Virginia quickly passed a law requiring that type of data to be sent.

At the time of the Virginia Tech shooting, only four states had required agencies to send mental health records to the database. After the shooting, 18 states required it. And four states that hadn’t permitted the information to be sent began to allow it.

Louisiana’s Bobby Jindal, recently acknowledged that problem and asked his state lawmakers to allow Louisiana to report severely mentally ill residents to the database.

The number of mental health records submitted by states from August 2010 to October 2011 rose 35 percent. Five states – Texas, Washington, California, Missouri and Virginia – increased their submissions by more than 20,000 records, the study said.

That led to an increase in the number of denials. In 2004, only 365 gun sales were declined for mental health reasons. In 2011 that number increased to 2,124, according to the FBI.

So who is being "dishonest" about background checks?

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4HappyBob(285 comments)posted 1 year, 8 months ago

"As of October 2011, Ohio had submitted 26,876 mental health records to NICS. According to a state official, Ohio made no effort to submit mental health records for many years due to a lack of political will. In 2004, when the state legislature was considering a concealed carry gun law, officials expressed new concern about the background check system. Included in the final concealed carry gun legislation was a requirement that mental health providers and probate courts send mental health records to the state Bureau of Criminal Identification & Information in the state attorney general’s office.(Ohio Revised Code 5122.311) Since then, with regular receipt of records from mental health providers and probate courts, the attorney general has been able to submit significantly more records to NICS, although Ohio state law still does not explicitly require as much. According to the state official interviewed in 2011, Ohio was working on automating its record submission system to further improve its record collection and submission." - per research report FDIS-6541(a) DOJ (2012)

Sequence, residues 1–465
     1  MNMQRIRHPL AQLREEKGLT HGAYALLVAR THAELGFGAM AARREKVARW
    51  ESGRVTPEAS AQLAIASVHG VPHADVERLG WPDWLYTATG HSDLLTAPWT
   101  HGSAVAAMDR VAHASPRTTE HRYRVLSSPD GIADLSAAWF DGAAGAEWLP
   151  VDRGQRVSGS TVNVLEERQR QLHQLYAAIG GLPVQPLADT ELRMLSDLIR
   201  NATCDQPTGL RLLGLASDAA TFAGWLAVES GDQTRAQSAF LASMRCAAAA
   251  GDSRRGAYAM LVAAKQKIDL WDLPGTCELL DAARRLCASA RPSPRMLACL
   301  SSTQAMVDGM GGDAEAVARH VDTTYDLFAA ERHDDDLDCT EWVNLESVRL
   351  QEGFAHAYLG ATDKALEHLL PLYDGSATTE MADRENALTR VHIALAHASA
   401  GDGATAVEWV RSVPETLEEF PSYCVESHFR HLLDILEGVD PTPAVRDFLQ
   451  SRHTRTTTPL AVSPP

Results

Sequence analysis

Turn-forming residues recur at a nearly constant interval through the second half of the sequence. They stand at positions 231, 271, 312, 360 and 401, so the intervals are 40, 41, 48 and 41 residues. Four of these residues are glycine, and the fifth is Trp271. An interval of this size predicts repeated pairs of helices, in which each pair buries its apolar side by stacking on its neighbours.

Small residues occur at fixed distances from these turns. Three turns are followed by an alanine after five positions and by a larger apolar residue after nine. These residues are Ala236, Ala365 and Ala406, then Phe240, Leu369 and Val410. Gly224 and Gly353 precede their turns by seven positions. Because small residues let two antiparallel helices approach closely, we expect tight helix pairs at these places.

I guess that Wayne doesn't know about Ohio.